10 Mistakes To Avoid While Learning Spanish

Not All Errors Are Inevitable

Student writing Spanish on a blackboard
Student writing Spanish on a blackboard. Image Source/Photodisc/Getty Images

You want to learn Spanish but still sound like you know what you're doing? If so, here are 10 mistakes you can avoid in your studies:

10. Being Afraid To Make Mistakes

The truth is, nobody learns a foreign language without making mistakes along the way, and that's one we all learn, even with our native language. The good news is that wherever you go in the Spanish-speaking world, your sincere attempts to learn the language will almost always be appreciated.

9. Assuming That the Textbook Knows Best

Even educated people don't always talk according to the rules. Although Spanish according to the rules will almost always be understood, it can lack the texture and sincerity of Spanish as it really is spoken. Once you feel comfortable using the language, feel free to imitate the Spanish you hear in real life and ignore what your textbook (or this site) tells you.

8. Ignoring Proper Pronunciation

Spanish pronunciation isn't all that difficult to learn, and you should make an effort to imitate native speakers whenever possible. The most common mistakes of beginners include making the l of fĂștbol sound like the "ll" in "football," making the b and v sound different from each other (the sounds are identical in Spanish), and failing to trill the r.

7. Not Learning the Subjunctive Mood

In English, we seldom make a distinction when verbs are in the subjunctive mood.

But the subjunctive can't be avoided in Spanish if you wish to do more than state simple facts and ask simple questions.

6. Not Learning When To Use Articles

Foreigners learning English often have a hard time knowing when to use or not use "a," "an" and "the," and it's the same for English speakers trying to learn Spanish, where the definite (el, la, los, and las) indefinite articles (un, una, unos, and unas) can be confusing..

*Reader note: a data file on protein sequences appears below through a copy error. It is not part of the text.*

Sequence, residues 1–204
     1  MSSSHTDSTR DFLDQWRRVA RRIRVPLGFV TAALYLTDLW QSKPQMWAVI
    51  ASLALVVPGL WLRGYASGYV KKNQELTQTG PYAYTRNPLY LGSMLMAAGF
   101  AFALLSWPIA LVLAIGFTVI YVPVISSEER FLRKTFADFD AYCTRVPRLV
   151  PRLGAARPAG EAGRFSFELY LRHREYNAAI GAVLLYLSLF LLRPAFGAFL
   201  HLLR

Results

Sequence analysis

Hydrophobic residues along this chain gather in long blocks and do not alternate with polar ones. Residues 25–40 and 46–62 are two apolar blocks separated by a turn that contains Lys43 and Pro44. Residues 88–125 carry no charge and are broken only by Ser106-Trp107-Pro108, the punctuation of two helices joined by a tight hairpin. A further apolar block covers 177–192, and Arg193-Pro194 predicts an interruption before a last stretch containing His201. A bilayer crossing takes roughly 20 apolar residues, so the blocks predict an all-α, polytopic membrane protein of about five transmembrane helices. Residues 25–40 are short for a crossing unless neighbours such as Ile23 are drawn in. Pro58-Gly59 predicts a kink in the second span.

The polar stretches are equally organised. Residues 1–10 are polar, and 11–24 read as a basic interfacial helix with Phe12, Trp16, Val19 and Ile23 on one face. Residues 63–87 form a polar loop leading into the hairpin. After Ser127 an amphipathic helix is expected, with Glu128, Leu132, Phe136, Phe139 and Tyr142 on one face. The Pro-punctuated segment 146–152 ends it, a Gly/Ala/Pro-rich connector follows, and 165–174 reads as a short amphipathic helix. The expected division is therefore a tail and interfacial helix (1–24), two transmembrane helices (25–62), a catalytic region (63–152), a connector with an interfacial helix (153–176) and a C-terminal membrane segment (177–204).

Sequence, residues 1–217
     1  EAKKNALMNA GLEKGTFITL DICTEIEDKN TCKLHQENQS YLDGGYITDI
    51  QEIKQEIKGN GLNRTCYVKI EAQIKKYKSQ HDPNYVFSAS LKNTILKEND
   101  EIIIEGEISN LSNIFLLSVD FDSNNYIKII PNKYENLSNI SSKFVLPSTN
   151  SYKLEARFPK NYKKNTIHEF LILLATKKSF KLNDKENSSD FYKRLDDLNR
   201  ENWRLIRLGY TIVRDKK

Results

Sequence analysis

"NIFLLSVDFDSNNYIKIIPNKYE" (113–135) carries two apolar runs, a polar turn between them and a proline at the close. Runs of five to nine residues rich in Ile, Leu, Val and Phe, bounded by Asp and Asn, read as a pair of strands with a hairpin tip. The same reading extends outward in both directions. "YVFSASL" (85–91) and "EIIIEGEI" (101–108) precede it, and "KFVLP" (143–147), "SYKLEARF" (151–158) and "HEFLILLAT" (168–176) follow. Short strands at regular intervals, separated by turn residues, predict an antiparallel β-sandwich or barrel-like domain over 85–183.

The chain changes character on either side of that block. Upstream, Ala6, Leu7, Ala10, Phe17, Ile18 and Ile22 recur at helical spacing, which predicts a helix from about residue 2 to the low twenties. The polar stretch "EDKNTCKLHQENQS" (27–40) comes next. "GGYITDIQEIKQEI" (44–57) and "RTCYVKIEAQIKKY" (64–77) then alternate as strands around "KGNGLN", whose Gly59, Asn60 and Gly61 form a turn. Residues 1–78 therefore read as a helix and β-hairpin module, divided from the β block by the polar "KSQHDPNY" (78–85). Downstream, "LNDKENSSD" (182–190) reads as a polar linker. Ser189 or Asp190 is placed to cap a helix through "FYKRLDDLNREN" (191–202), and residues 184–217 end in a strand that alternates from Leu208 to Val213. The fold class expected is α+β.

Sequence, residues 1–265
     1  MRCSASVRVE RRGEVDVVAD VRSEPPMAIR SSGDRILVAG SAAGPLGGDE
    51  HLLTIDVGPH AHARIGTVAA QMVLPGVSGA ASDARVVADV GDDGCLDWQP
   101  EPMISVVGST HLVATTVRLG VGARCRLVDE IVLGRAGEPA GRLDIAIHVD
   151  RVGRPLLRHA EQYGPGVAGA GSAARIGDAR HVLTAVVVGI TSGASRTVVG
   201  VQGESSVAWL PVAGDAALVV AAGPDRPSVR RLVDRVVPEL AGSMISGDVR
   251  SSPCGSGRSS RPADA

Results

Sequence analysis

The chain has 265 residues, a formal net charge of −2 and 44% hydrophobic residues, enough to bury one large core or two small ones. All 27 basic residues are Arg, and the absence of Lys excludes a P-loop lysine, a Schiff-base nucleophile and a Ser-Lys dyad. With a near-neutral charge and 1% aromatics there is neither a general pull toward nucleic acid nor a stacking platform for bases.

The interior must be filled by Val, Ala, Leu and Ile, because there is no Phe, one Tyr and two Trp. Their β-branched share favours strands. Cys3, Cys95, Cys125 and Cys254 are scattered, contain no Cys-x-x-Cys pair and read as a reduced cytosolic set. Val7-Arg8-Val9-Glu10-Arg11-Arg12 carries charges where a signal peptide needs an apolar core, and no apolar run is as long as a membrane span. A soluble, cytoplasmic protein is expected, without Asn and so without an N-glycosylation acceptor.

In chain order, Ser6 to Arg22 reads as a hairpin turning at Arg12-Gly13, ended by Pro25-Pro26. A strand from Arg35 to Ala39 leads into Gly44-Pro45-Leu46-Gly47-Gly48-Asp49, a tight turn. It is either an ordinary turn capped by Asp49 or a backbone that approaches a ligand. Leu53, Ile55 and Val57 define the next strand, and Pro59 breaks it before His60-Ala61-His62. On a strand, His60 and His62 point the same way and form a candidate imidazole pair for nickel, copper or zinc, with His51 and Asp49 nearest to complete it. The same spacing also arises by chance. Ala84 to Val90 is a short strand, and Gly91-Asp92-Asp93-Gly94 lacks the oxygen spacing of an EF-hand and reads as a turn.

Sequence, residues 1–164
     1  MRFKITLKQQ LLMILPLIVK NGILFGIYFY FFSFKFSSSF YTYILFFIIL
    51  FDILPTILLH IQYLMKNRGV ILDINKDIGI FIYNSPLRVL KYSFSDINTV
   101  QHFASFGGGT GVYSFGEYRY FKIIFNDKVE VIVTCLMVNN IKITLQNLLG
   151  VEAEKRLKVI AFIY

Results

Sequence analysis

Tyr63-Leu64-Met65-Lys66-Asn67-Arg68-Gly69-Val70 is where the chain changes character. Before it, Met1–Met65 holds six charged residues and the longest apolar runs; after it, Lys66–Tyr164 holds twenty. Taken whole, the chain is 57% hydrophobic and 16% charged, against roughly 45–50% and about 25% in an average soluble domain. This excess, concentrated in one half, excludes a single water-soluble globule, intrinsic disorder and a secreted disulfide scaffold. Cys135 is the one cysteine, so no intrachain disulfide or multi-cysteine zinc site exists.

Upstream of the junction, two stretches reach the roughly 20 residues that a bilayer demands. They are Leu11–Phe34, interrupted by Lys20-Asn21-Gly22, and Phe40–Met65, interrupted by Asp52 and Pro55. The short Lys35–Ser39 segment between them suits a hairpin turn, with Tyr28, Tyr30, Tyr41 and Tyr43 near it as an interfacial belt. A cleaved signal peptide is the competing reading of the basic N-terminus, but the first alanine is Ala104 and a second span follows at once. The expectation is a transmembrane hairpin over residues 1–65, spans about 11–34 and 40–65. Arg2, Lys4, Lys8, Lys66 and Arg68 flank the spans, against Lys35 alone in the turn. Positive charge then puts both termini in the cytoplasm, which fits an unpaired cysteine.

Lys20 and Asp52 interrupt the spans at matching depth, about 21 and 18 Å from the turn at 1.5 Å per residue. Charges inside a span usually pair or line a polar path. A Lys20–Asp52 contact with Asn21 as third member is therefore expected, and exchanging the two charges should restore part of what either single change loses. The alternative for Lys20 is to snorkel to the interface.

Using them incorrectly usually won't keep you from being understood, but it will mark you as someone who's awkward with the language.

5. Translating Idioms Word for Word

Both Spanish and English have their share of idioms, phrases whose meanings cannot readily be determined from the meanings of the individual words. Some idioms translate exactly (for example, bajo control means "under control"), but many don't. For example, en el acto is an idiom meaning "on the spot." Translate it word for word and you'll end up with "in the act," not the same thing.

4. Always Following English Word Order

You can usually follow English sentence order (except for putting most adjectives after the nouns they modify) and be understood. But as you're learning the language, pay attention to the many times where the subject is placed after the verb. Changing the word order can sometimes subtly change the meaning of a sentence, and your use of the language can be enriched as you learn different word orders. Also, some English constructions, such as placing a preposition at the end of a sentence, should not be imitated in Spanish.

3. Not Learning How To Use Prepositions

Prepositions can be notoriously challenging.

It can be helpful to think about the purpose of the prepositions as you learn them, rather than their translations. This will help you avoid mistakes such as using "pienso acerca de ti" (I'm thinking near you) instead of "pienso en ti" for "I'm thinking about you.".

2. Using Pronouns Unnecessarily

With very few exceptions, English sentences require a subject. But in Spanish, that frequently isn't true. Where it would be understood by the context, the subject of a sentence (which in English often would be a pronoun) can and usually should be omitted. It usually wouldn't be grammatically incorrect to include the pronoun, but use of the pronoun can sound clunky or give it unnecessary attention.

1. Assuming That Spanish Words That Look Like English Words Mean the Same Thing

Words that have the same or similar form in both languages are known as cognates<.

Since Spanish and English share a large vocabulary derived from Latin, more often than not words that are alike in both languages have similar meanings. But there are plenty of exceptions, known as false friends. You'll find, for example, that embarazada usually means "pregnant" rather than "embarrassed," and that a violador usually is a rapist, not someone who merely committed a traffic infraction.